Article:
Completion of active treatment

A minor office procedure is required to complete the correction in most feet. The back of the ankle is made numb, either with a numbing cream or an injection, after which the Achilles tendon is completely divided with a narrow scalpel. A final cast is applied. The tendon regenerates at the proper length and strength by the time the cast is removed 3 weeks later. At the end of the treatment, the foot should appear slightly overcorrected, assuming a flatfoot shape. It will return to normal in a few months.

Maintaining correction – the foot abduction brace

Clubfoot deformity tends to relapse after correction. To prevent relapses after removal of the last cast, a foot abduction brace must be worn, regardless of whether or not the Achilles tendon was cut. The foot abduction brace consists of straight-bordered, high-top, open-toed shoes that are attached to the ends of an adjustable aluminum bar. The distance between the heels of the shoes equals the width of the babyʼs shoulders. Modifications to the shoes are made to prevent them from slipping off. The shoe on the clubfoot is outwardly rotated 70 degrees and on the normal foot (if the child has only one clubfoot), 45 degrees. The brace is worn 23 hours a day for at least 3 months and, thereafter, at night and during naps for 2 to 4 years.

During the first and second nights of wearing the brace, the baby may be uncomfortable as he/she adjusts to the legs being tethered together. It is very important that the brace not be removed, because recurrence of the clubfoot deformity will almost invariably occur if the splint is not worn as prescribed. After the second night, the baby will have adapted to the splint. When not required to wear the brace, ordinary shoes can be worn.

The foot abduction brace is used only after the clubfoot has been completely corrected by manipulation, serial casting and, possibly, Achilles tendon release. Even when well corrected, the clubfoot has a tendency to relapse until the child is approximately 4 years old. The foot abduction brace, which is the only successful method of preventing a relapse, is effective in 90% of the patients when used consistently as described above. Use of the brace will not delay the childʼs development with regard to sitting, crawling, or walking.

Wearing instructions for the foot abduction brace

1. Always use cotton socks

that cover the foot everywhere the shoe touches the babyʼs foot and leg. Your babyʼs skin may be sensitive after the last casting, so you may want to use two pairs of socks for the first 2 days only. After the second day, use only one pair of socks.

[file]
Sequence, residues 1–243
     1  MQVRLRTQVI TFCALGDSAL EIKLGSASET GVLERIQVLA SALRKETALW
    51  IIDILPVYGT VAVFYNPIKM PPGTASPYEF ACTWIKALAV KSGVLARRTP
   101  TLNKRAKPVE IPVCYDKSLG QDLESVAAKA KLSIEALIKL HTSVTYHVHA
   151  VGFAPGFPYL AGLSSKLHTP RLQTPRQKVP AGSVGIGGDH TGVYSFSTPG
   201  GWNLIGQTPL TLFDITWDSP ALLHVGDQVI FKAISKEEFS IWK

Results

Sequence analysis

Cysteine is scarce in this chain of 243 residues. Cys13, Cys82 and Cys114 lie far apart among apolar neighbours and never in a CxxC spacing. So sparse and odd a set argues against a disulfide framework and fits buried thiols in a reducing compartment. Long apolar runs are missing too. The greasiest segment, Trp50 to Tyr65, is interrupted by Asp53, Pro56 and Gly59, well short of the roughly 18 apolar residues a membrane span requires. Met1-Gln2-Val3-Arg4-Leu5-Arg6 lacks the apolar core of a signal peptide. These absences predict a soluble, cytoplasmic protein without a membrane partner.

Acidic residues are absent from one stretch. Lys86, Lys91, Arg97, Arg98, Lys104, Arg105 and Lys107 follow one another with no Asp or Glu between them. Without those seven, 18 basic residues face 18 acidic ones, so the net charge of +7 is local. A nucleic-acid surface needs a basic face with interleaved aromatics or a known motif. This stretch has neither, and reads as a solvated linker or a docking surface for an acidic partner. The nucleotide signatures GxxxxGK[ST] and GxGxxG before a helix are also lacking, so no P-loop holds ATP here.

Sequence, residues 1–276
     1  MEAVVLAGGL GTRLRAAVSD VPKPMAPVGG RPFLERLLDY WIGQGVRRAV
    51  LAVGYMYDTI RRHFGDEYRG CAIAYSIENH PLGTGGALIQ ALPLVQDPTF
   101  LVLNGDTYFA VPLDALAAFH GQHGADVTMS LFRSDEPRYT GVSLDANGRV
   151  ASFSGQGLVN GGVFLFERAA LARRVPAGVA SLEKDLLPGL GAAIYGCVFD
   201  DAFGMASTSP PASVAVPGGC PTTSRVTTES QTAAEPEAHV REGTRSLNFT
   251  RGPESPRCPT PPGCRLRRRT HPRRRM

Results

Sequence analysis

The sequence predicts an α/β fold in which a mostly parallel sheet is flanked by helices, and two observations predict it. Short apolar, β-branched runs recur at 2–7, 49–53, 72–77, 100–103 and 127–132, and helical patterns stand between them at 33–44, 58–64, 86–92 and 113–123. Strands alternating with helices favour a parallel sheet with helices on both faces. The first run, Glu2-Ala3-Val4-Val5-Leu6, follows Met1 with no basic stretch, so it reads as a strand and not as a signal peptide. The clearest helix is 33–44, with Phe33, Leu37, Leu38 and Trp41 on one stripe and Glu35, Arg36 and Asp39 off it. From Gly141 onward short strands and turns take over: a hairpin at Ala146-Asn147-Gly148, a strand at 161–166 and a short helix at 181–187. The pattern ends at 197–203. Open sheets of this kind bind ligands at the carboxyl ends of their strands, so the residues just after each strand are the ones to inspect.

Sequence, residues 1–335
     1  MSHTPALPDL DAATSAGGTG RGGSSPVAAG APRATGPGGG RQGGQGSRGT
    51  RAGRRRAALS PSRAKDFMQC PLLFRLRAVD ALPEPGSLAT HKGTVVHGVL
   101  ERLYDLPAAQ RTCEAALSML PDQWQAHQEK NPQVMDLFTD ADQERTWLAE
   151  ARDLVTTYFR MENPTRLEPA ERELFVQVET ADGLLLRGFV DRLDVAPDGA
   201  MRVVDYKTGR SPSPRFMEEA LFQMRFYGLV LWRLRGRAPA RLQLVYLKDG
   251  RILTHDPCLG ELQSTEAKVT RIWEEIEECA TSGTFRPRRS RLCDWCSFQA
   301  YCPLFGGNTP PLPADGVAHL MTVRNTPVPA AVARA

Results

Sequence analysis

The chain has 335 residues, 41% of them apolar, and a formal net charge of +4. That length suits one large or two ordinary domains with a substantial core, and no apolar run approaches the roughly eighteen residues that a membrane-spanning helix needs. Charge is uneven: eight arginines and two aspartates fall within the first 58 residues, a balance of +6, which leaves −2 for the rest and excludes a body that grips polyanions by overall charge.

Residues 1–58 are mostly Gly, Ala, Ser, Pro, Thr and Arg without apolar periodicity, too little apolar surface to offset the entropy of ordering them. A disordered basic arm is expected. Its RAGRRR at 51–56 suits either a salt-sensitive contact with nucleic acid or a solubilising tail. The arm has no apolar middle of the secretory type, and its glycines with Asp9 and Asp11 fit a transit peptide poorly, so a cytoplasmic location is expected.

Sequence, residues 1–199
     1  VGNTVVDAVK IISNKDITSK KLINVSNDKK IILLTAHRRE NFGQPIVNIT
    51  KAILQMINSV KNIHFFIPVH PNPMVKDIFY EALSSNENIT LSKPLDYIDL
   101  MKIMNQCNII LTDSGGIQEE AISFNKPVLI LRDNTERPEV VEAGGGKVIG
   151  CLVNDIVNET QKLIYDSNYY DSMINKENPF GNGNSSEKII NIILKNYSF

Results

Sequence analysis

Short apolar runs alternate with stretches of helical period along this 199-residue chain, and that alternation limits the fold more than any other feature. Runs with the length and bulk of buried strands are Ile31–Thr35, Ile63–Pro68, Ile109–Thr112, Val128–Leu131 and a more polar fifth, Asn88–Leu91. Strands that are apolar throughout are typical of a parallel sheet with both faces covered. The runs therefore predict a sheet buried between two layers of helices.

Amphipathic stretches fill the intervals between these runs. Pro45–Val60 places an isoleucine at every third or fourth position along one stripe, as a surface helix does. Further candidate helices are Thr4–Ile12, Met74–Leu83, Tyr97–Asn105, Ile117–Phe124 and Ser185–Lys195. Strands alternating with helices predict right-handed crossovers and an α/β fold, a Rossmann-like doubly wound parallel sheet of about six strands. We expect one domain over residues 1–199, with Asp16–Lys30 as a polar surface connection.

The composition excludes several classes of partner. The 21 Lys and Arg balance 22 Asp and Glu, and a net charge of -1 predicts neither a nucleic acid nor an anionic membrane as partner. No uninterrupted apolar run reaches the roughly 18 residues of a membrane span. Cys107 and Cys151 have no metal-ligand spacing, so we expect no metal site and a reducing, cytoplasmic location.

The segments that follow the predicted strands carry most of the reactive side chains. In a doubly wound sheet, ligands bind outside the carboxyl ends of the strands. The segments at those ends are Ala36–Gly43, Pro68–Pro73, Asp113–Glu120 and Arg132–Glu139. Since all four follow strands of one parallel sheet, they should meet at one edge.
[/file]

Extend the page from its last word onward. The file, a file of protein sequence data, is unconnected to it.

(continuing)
2. If your child does not fuss when you put the brace on, you may want to focus on

getting the worst foot in first and the better one in second. However, if your baby tends to kick a lot when putting on the brace, focus on the better foot first, because the baby will tend to kick into the second shoe.

3. Hold the foot into the shoe and tighten

the ankle strap first. The strap helps keep the heel firmly down into the shoe. Do not mark the hole on the strap that you use because, with use, the leather strap will stretch and your mark will become meaningless.

4. Check that the childʼs heel is down

in the shoe by pulling up and down on the lower leg. If the toes move backward and forward, the heel is not down, so you must retighten the strap. A line should be marked on the top of the insole of the shoe indicating the location of the tips of the childʼs toes; the toes will be at or beyond this line if the heel is in proper position.

5. Lace the shoes tightly

, but do not cut off circulation. Remember: the strap is the most important part. The laces are used to help hold the foot in the shoe.

6. Be sure that all of the babyʼs toes are out straight

and that none of them are bent under. Until you are certain of this, you may want to cut the toe portion out of a pair of socks so you can clearly see all the toes.

Helpful Tips for the foot abduction brace

1. Expect your

child to fuss in the brace for the first 2 days. This is not because the brace is painful but because it is something new and different.

2. Play with your child

in the brace. This is key to getting over the irritability that is often due to the inability of the child to move his/her legs independently of each other. You must teach your child that he/she can kick and swing the legs simultaneously with the brace on. You can gently push and pull on the bar of the brace to teach your child to flex and extend his/her knees simultaneously.